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When my sons were in high school, I tried to be the ‘cool’ mom and was willing to try anything at least once. I discovered I’m pretty good at laser tag, terrified of SCUBA and can still throw a mean left upper cut. But, typically, these activities weren’t necessarily planned well in advance, it was more like, “What should we do today? Go for a hike? Rollerblade? Try out the new boxing gym that opened downtown?” And soon, we were in padded helmets, boxing gloves and mouth pieces, punching bags and showing off our fancy footwork. That’s how we ended up at paintball.
I have to say I was uncomfortable at first. The gear can be heavy, the mask is designed for protection, not necessarily sight, and the gun full of paint was not something I was used to carrying around. But I soon got used to all of this and became somewhat comfortable with the restrictions. I started to gain confidence and began to formulate a plan of attack.
I found myself becoming frustrated quite often, as I would have what I considered a great hiding spot but was soon discovered by one of my sons who was more than happy to stealthily sneak up from behind and unload his purple paint on me while the other stayed at a safe distance and sniped me with green. I looked like Barney the Dinosaur, and, yet, no-one had a trace of my yellow paint on them. But frustration be damned, I was determined to make something happen.
I decided that hiding and playing it safe was not necessarily the best strategy. So I went rouge. I ran through the paintball court, shooting left, then right, behind me, above me, at anything that appeared to be moving. I even tried a fancy roll, which was much more graceful in design than in execution, but came up shooting.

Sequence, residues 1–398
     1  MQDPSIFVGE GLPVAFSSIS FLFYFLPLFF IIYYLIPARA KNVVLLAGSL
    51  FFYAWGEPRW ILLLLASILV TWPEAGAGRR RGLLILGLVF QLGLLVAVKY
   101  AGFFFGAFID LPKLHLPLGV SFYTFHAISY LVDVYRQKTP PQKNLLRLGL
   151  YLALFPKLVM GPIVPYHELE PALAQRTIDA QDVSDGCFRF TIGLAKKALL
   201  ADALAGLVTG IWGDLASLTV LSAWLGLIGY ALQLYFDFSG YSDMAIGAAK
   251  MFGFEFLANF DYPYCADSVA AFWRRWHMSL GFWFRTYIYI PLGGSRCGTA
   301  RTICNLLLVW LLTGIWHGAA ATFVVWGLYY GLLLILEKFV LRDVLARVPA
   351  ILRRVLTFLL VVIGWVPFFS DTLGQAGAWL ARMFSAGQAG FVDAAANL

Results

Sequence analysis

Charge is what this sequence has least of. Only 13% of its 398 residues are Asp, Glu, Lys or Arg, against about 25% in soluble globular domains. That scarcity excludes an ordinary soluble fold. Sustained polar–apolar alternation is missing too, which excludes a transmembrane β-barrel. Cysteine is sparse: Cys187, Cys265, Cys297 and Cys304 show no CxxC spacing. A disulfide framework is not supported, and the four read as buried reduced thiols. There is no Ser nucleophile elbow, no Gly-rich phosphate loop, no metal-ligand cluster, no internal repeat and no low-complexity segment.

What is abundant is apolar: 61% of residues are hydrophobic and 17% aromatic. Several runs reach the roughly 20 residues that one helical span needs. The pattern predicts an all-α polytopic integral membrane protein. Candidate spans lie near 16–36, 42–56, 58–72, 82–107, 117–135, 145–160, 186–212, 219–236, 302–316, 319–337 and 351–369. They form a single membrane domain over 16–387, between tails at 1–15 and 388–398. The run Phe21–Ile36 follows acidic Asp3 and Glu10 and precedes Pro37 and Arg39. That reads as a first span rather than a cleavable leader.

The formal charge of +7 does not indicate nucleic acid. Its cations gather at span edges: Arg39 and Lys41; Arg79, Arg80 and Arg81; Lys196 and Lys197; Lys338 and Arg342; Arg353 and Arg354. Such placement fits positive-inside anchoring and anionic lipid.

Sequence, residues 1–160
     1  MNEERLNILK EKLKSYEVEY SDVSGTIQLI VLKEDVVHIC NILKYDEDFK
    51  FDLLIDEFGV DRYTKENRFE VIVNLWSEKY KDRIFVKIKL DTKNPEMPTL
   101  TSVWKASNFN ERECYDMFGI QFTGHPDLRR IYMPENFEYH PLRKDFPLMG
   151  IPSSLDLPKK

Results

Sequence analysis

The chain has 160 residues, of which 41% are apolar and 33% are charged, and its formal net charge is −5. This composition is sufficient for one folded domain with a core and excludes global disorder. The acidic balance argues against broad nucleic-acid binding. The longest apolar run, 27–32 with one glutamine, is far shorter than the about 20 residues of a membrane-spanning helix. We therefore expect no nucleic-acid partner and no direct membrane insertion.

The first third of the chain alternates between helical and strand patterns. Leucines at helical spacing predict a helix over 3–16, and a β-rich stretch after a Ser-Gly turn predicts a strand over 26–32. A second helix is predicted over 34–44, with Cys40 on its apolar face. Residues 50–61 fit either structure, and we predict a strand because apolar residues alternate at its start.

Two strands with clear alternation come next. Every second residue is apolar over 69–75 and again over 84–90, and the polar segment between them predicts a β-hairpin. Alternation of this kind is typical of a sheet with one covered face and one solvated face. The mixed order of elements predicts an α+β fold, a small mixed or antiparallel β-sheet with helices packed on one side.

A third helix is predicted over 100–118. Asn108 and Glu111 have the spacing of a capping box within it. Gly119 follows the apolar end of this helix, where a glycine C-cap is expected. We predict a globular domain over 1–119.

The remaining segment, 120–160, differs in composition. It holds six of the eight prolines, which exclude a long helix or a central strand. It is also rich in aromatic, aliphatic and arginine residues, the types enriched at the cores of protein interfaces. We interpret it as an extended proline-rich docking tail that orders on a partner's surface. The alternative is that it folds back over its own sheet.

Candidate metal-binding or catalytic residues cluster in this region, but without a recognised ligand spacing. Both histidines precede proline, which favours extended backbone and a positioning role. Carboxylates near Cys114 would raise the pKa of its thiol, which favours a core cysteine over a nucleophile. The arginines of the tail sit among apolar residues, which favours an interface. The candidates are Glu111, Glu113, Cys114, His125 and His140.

I got slaughtered. I couldn’t have been more covered had I climbed in a barrel of paint. When the alarm sounded, indicating the session was over, I ran to the exit. I was a mess, exhausted and a bit humiliated by my performance.
But as we took off our gear, I noticed that there were splatters of yellow on my sons: a knee here, a butt cheek there and a few chest shots. Regardless of the pain and frustration I had experienced, I had managed to make a half dozen shots stick and some of them were expert in placement. In my mind, all of the mediocre could be deleted, leaving nothing but the perfect yellow circles.
My writing process is a lot like this. It begins with spontaneity, I have an idea, so I dive right in. I start with a plan, but soon find myself running through my field of thoughts, throwing paint everywhere. It is definitely exhausting and can be frustrating at times. But then I go back and evaluate what I’ve actually done. I delete the ineffective splatters and wash off what didn’t stick. And what’s left?
About the Author: Kelly Stone Gamble lives in a hunting lodge in Idabel, Oklahoma, and spends way too much time looking for Bigfoot and the Ivory-Billed Woodpecker, both of which are said to reside in her 1,800 acre backyard. When she isn’t writing, trying to keep her dog from befriending a skunk, or shooting various wildlife (camera shooting, that is), she teaches Communications, Humanities and English to students at Southeastern Oklahoma State University.
Cass Adams is crazy, and everyone in Deacon, Kansas, knows it. But when her good-for-nothing husband, Roland, goes missing, no one suspects that Cass buried him in their unfinished koi pond. Too bad he doesn’t stay there for long. Cass gets arrested on the banks of the Spring River for dumping his corpse after heavy rain partially unearths it.
The police chief wants a quick verdict—he’s running for sheriff and has no time for crazy talk. But like Roland’s corpse, secrets start to surface, and they bring more to light than anybody expected. Everyone in Cass’s life thinks they know her—her psychic grandmother, her promiscuous ex-best friend, her worm-farming brother-in-law, and maybe even her local ghost. But after years of separate silences, no one knows the whole truth. Except Roland. And he’s not talking.